MSHA, CRASAR standing down

With the second explosion and an official declaration of the Pike River Mine explosion as a recovery operation, the New Zealand government has asked the MSHA team to stand down. The robot had arrived as LAX almost exactly as the press conference about the second explosion so Air New Zealand put us up at an airport hotel to see what the course of action would be. (Air New Zealand has been amazing- getting the V2 from Pittsburgh to LA, rebooking flights (like mine), and being extraordinarily friendly and helpful.) I wished we could have helped in a tangible way. And I wish there had been a happy ending– our deepest sympathy and condolences to the families on their tragedy and also the responders who must be devastated.

For me, it’s back home and trying to document the use of the robots so that we can learn for the future.

MSHA V2 robot going to New Zealand, CRASAR joining the team

It looks like from the internet news that it has been a busy day in New Zealand with two robots and a third being prepped. My hat’s off to the Kiwis for aggressively pursuing this technology. I know of only one other case- the Midas Gold Mine Nevada collapse- where more than one robot was deployed. And that was one at a time (the first robot from nearby Fallon NAS was too big and heavy for that type of void, so CRASAR was called in and we brought in an iRobot packbot and Inuktun/ASR Extreme VGTV from the US Navy SPAWAR small robot pool. The packbot was too big so we used the Extreme, so only 2 robots were used.). It sounds like that more than 1 robot is, or was, active at one time at Pike River, so that’s a record.

The Mine Safety and Health Administration, under the direction of technology director Dr. Jeff Kravitz, is bringing the V2 (the Remotec Wolverine variant that is to the best of my knowledge the only mine permissible robot in the world) to New Zealand. I am currently waiting at LAX for them to arrive, as I’ve been invited to join their team. I can’t wait to “meet” the other robots (and responders). Jeff is a real unsung hero of rescue robotics, he has been involved with the most underground mine rescue robot deployments in the world. We’ve worked together since 2006, you can see him in this video about the rescue robot at the Crandall Canyon Utah mine disaster, and we are co-authors of a paper summarizing underground mine rescue robot technology and the nine deployments as of 2009.

I’m sure I speak for everyone that we’d be thrilled to arrive in New Zealand to discover that the 29 miners had been found alive and had been extricated; they remain in our prayers.

Pike River Mine robots fails

A sad day with the robot failing in New Zealand and no resolution on the missing miners. I got asked many times today by the NZ media about the ways a bomb squad robot could fail or fail being used as an underground mine rescue robot. Mobile robot technology is still primitive (most robots are not as sophisticated as they could be due to economic barriers) plus search and rescue is one of the hardest, if not THE hardest, domain.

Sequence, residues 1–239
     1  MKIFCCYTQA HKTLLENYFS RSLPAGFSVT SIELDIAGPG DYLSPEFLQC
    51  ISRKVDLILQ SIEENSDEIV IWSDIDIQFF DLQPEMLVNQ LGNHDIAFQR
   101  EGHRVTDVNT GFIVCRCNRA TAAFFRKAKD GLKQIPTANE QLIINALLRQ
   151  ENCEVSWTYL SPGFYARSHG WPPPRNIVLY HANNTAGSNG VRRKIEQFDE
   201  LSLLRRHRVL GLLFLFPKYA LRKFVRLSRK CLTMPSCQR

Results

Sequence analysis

I am afraid that we may be losing sight of while there are many ways for a robot to fail, a single success could save 29 lives.  And if not this time, we learn for the next- because there will always be a next time.

Our deepest, best wishes for the miners and their families and also the responders who are pushing the envelope to try to find the missing.

Pike River Coal Mine explosion in New Zealand

Peter Griffin of the Science Media Centre in New Zealand has just given us a heads up that rescuers will be attempting to deploy a robot in the search for the 29 missing miners from the Pike River coal mine explosion. Our prayers are with the miners, their families, and the responders and we hope for a happy ending like at Chile.


The video above is from the robot at the Crandall Canyon Utah coal mine collapse and pictures are in the media gallery. A paper summarizing a study CRASAR did for the US Mine Safety and Health Administration for all 3 types of mine robot rescue is here and give the prior deployments, advantages and limitations of robots for each. The US Mine Safety and Health Administration and its lead scientist, Dr. Jeffrey Kravitz, is the world leader in underground mine rescue deployments and CRASAR is proud to have assisted with two mine rescues. To date, there has been no known “live saves” of miners with a robot but we’re hoping this is a first.

Robot Revolution: Dean of Invention

Robin Murphy, Bob McKee, and CRASAR robots working at Disaster City will be featured this Friday, November 5, at 9pm CT (channel 103 GREEN on Suddenlink) on Planet Green’s Original Series Dean of Invention. This episode entitled “Robot Revolution” will focus on environmental challenges that must be met by robots because human beings are physically unable to meet them.

Dean of Invention is hosted by Dean Kamen, visionary inventor and creator of the first robot competition. Robin Murphy is the Raytheon Professor of Computer Science and Engineering at Texas A&M University and the director of the Center for Robot-Assisted Search and Rescue. Bob McKee is the director of the Urban Search & Rescue division of the Texas Engineering Extension Service.